Indian tribe comes to London to attack mining of sacred hills
Friday 01 August 2008
Plans to mine bauxite from sacred hills in the Indian state of Orissa have been angrily denounced at the annual general meeting of the UK company behind the scheme.
The founder and chairman of Vedanta, Anil Agarwal, struggled to explain a commitment to "sustainable development" in the teeth of testimony by village people who had flown to London from Orissa to describe how the company was destroying the environment even before the mining has started.
Vedanta Resources told shareholders of "another excellent year" in which the company earned record revenue for a sixth successive year, with revenues of $8.2bn, 26 per cent up on 2007. But the good news was drowned out by the determination of minority shareholders to force the company to confront the consequences of its adventure in Orissa's Nyamgiri Hills.
The Dongria Kondh, a tribe some 8,000-strong from the Indian state of Orissa worship the peak of the Nyamgiri hills as a god – and with reason, as the thick layer of bauxite which crowns the hills serves as a huge sponge for the monsoon rains, releasing them steadily throughout the year and guaranteeing the fertility of the forests and crops.
Since 2002, the survival of the hills and of the tribe itself has been thrown into doubt by Vedanta's plans to mine the Nyamgiri Hills for bauxite. A protected forest area, it is home to endangered animals including tigers, leopards and elephants as well as hundreds of species of rare plants and trees.
The company has already built what Mr Agarwal called a "Rolls-Royce quality bauxite refinery" at the foot of the hills, destroying several tribal villages in the process, in anticipation of the arrival of the three million tons of bauxite the area is said to contain.
But despite the signing of a memorandum of understanding between Vedanta and the state government, the mining of the hills has yet to begin. That's because the land is a "Schedule V Area", protected under Section 18 of the Indian Constitution, which means it cannot be transferred to private companies without the consent of tribal people.
Monitors sent by the Indian Supreme Court in Delhi submitted a damning report, leading to a long-running legal case.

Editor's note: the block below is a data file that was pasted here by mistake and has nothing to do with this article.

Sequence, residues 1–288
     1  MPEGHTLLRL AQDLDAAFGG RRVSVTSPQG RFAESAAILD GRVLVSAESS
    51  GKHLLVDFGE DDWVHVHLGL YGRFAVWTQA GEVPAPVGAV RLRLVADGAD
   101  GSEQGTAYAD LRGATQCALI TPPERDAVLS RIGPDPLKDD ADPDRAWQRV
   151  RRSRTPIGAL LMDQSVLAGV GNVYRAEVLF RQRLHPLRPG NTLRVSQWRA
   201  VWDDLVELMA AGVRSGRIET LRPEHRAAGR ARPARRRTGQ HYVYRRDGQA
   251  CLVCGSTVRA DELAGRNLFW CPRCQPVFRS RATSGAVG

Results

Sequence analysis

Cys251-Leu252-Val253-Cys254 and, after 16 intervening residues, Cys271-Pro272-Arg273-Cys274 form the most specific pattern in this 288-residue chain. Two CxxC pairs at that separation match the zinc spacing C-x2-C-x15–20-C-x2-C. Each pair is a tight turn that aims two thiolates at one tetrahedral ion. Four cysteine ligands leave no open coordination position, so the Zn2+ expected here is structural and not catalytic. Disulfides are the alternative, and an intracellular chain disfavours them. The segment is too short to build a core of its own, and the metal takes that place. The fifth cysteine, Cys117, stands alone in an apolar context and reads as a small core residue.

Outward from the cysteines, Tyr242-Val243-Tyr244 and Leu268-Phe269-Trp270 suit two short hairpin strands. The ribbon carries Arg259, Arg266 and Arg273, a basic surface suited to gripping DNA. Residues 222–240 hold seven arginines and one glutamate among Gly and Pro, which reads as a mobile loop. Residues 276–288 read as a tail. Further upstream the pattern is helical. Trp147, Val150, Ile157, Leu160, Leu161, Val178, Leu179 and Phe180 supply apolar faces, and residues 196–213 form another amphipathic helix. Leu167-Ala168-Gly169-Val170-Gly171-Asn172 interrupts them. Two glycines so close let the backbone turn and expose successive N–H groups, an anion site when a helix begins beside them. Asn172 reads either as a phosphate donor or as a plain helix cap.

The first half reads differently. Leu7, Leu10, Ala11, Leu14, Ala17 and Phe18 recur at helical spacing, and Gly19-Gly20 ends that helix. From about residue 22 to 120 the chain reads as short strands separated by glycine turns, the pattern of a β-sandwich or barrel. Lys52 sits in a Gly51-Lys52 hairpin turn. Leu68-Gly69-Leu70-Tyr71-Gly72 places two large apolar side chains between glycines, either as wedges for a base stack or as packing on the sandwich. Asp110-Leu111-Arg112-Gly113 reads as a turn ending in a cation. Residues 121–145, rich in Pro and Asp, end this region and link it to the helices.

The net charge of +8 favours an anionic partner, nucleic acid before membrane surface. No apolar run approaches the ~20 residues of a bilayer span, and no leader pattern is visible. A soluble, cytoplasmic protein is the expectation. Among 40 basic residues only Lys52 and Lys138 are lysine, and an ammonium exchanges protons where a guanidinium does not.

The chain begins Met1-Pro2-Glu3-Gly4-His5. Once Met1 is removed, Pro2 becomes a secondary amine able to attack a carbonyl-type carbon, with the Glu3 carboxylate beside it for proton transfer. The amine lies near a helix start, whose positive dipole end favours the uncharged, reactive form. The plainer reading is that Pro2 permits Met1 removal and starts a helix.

Last year the three-man bench ruled that Vedanta could not mine the hills – but allowed its Indian subsidiary Sterlite to reapply on condition that it plough five per cent of its profits into conservation and tribal development. The Indian court's final verdict on the new application is expected later this week.
Yesterday, in the dignified surroundings of the Institute of Civil Engineers in Westminster, the company strove to underline its commitment to social responsibility and sustainability as well as its success in achieving "industry-leading levels of growth". The bottom line was that India possessed abundant bauxite, the world is crying out for aluminium, and Mr Agarwal is uniquely well placed to supply it.
The pressure resulted in Mr Agarwal making a commitment, for the first time, to comply with international law. "I can only promise that we will only start work if we have complete permission of the court and the people," he told shareholders. The mining of Nyamgiri could be carried out "with a partnership approach". Indian observers at the meeting who claimed to be neutral said the mining of Nyamgiri should not be seen as a win-lose situation from which the tribal people would emerge defeated. Mr Agarwal said: "We have not touched the hill, it is intact."
"What do you mean you have not touched the hill?" retorted a member of the Dongria Kondhs. "You have dragged it to court..."
In fact the identity of the winners and losers in the Nyamgiri Hills is already clear. The Lanjigarh refinery produces up to three million tons of caustic soda waste, so-called "red mud", every year, and people living near the refinery complain that the pollution damages crop yields, kills livestock and causes pollution related illnesses.
If and when the mining gets under way, the damage will be proportionately worse. Vedanta denies that its operations cause damaging pollution and insists that it complies with all relevant regulations.
A report by the Wildlife Institute of India in 2005 predicted that the mining of Nyamgiri would produce massive deforestation, toxic contamination of the water table and would endanger the fresh water source for hundreds of thousands of people in Orissa. And the Dongria Kondhs will be scattered across the earth.
India's green battles
The battle over the Niyamgiri hills is just the latest flashpoint as India struggles to juggle the twin aspirations of economic development and environmental protection.
Of all India's environmental battles none is more famous than the Narmada dam. Opposition to the plan to build more than 30 hydro-electric dams in the state of Madhya Pradesh has been escalating since the 1980s and includes the novelist Arundhati Roy.
The Narmada Bachao Andolan (Save the Narmada Movement) warns that the project would displace more than 200,000 people and damage the fragile ecology of the region.
There are countless smaller protests. In the state of Orissa, activists have recently tried to halt the construction of a steel plant being built by the industrial giant Tata at Dhamra, close to a beach that is used by the threatened Olive Ridley turtles for breeding.
In Sikkim, environmental activists have gone on hunger strike attempting to stop the construction of dams along the course of the Teesta river.
And students in Arunachal Pradesh are protesting against the building ofa dam that will block the river Dibang, which is one of main tributaries of the Brahmaputra.
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